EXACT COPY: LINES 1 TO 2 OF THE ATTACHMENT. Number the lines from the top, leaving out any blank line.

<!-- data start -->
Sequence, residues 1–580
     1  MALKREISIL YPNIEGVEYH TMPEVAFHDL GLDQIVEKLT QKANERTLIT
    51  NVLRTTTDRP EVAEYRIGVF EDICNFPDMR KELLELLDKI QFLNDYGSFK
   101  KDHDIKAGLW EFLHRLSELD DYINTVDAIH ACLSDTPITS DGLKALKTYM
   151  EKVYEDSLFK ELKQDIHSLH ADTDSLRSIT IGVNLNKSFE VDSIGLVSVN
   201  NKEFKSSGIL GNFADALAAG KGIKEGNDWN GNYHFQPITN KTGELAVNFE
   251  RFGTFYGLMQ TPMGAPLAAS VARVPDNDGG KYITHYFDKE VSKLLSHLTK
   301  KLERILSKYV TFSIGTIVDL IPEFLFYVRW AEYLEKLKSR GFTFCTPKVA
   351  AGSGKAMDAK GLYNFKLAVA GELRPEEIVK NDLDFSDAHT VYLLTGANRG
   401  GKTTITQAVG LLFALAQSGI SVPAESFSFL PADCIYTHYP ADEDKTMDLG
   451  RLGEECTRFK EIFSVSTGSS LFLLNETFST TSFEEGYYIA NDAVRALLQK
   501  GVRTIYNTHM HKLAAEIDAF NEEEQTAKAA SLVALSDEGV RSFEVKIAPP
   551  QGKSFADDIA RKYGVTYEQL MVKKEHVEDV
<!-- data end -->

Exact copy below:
Sequence, residues 1–580
     1  MALKREISIL YPNIEGVEYH TMPEVAFHDL GLDQIVEKLT QKANERTLIT